I talk a lot about how having a budget is one the main reasons we are able to successfully pay off debt every single month. The budget allows you to tell your money where to go so that at the end of the month you’re not wondering where it went. We sit down and go through our budget before the start of every month. The budget meeting literally last about 10 minutes. If there are any upcoming expenses for the month we discuss them and work them in by subtracting from other areas that may not really need as much money.
When most people set up a monthly budget they list the normal categories like Rent, Gas for the Cars, Lights, Groceries, etc. Seldom do they think of putting money aside for situations that can completely wreck a well-planned budget. Here are three budget categories your budget may be lacking.
Car Repairs are something we all dread. We know that car repairs can pop up at any time yet we don’t work them into our budget. Marcus and I budget $75 a month for car repairs. There are some months where we don’t spend anything at all in this category so instead of just spending that money frivolously we make a note of what was left for the month and we put that money into our savings account. Since we’ve written it down we know that a portion of our savings is earmarked strictly for car repairs. This month my husbands car inspection was due. After calling the car shop, we were told that the inspection would run us about $60 plus tax. No worries, because again we were already budgeting $75 a month for car repairs and we knew had $160 left over from previous months plus this months allotted $75. After my husband drops his car off he got the devastating phone call that in order for his car to pass inspection he would need $729 in repairs. When my husband called me I could hear the anxiety in his voice. I’d told him we had $160 available for car repairs and he now had to tell me we needed an additional $569 to repair the car. Admittedly my mental state went through a wave of emotions. Shock, Disbelief, Denial, Panic and then calm. I ended up being calm because I knew we had the money and this was not going to wreck or budget because we had an emergency fund and this indeed was an emergency. After calling around to other shops to find out how much they’d charge for the repairs we ended up sticking with the first shop as they were the cheapest. We were also able to find a coupon giving us $50 off.
We ended up using all of the money in our car repair fund ($235), $100 that we’d put aside from last month to buy a weed whacker, and $482 from our emergency fund to pay for the repairs. My emotions would have never made it to a state of calm if we did not have a budget in place to help us keep our money in check.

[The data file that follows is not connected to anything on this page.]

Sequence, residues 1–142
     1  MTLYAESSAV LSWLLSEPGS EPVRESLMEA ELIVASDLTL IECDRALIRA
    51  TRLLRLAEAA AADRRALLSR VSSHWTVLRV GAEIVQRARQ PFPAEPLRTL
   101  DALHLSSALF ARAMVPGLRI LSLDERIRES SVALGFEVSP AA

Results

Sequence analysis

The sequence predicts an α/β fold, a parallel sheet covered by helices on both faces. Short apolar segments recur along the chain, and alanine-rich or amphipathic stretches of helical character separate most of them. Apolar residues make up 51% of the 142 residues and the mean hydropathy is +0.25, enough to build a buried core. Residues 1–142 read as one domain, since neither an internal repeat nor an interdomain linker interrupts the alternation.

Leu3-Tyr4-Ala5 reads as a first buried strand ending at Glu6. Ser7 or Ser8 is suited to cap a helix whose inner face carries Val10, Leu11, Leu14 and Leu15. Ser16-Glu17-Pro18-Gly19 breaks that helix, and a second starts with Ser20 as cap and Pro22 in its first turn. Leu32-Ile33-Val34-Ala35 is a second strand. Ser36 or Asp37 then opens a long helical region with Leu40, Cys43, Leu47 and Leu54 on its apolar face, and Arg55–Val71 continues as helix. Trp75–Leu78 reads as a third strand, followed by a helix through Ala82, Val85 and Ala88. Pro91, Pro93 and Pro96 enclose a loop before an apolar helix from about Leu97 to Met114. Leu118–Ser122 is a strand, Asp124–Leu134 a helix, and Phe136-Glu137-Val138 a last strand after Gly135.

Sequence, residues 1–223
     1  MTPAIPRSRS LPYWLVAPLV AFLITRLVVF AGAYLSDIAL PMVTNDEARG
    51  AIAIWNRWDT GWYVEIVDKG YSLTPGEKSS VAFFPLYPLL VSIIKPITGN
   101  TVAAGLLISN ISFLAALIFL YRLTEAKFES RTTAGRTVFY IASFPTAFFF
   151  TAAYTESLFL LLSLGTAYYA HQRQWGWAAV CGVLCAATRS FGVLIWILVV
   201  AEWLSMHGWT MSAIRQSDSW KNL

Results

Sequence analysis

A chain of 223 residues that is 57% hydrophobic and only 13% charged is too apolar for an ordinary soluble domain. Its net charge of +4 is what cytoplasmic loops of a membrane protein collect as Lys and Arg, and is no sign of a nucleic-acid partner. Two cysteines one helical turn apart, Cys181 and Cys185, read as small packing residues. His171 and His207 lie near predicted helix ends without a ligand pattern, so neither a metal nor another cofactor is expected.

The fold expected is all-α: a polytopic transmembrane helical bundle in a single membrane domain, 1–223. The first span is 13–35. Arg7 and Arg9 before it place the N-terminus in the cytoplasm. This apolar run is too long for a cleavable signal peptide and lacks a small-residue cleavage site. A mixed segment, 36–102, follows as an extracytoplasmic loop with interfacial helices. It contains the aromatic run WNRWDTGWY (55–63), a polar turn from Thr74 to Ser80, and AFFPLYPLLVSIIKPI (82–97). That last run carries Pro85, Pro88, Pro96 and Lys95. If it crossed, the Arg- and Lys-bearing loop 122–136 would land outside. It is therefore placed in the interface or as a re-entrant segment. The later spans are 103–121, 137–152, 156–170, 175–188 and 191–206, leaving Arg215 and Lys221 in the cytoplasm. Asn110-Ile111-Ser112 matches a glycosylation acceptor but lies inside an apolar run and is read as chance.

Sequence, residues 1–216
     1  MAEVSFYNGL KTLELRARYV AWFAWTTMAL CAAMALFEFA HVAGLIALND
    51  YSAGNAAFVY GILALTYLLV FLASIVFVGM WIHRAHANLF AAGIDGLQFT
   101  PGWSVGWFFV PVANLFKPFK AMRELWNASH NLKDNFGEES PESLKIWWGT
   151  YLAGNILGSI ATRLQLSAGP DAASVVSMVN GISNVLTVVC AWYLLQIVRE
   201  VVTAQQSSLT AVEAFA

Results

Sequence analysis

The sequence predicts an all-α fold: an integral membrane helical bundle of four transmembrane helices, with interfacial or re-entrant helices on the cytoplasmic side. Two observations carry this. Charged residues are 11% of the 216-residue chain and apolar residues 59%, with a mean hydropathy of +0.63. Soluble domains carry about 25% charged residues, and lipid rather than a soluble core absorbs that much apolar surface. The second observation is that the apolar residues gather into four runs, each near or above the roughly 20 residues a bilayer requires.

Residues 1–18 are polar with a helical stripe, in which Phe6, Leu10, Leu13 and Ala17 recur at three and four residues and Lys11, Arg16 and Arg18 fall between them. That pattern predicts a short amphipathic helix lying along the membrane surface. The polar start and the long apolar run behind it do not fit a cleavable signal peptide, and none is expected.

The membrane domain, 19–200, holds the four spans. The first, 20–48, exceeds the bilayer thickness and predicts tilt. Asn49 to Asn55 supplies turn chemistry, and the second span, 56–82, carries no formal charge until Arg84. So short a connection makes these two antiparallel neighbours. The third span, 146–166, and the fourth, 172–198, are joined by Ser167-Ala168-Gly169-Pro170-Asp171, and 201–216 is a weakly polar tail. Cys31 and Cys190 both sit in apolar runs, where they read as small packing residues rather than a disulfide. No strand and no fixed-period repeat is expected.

Many people think that when they adopt an animal the only things they need to provide are food and shelter. Vet Bills like car repair bills can pop up unexpectedly and if you don’t budget for them you’ll be in serious trouble. Outside of food and grooming (depending on what type of pet you have), flea and tick medicines, and annual shots you really don’t need to spend much on your pet. Last year our Bull Terrier Jujubee injured her hind leg. When we took her to the vet we were told that she might need surgery if with strict rest and meds her leg didn’t get better. Of course, like most people we hadn’t budgeted for any of this and being an Animal Scientist I knew this could turn into thousands of dollars. Luckily for us the entire incident only cost us a little over $300 as she got better with the strict rest, but this was an unbudgeted $300.Now we are sure to set aside money for emergencies like this so they won’t catch us off guard again.
Birthdays, Anniversaries, and Holidays fall on the same date every single year yet most find themselves trying to figure out how they can afford to buy gifts and do everything else they need to do with their money in that particular month. Admittedly I don’t participate in certain holidays because I feel that I don’t need a particular day to show someone how much I care, but for the things I do participate in I try to make sure that I plan ahead. One great way to do this is to set up an automatic savings account. This way each month a certain amount is withdrawn from your checking account and put into a savings account. Imagine if you put $25 aside every month starting in January. By December, you will have saved $275! Remember, you don’t always have to spend money to give great gifts. You can give the gift of time and assistance or you can just be there to show someone how much you care. It’s also okay to let people know that you’re on a journey to be debt free so if you won’t be purchasing gifts for a particular holiday. If they love you and are supportive they will understand.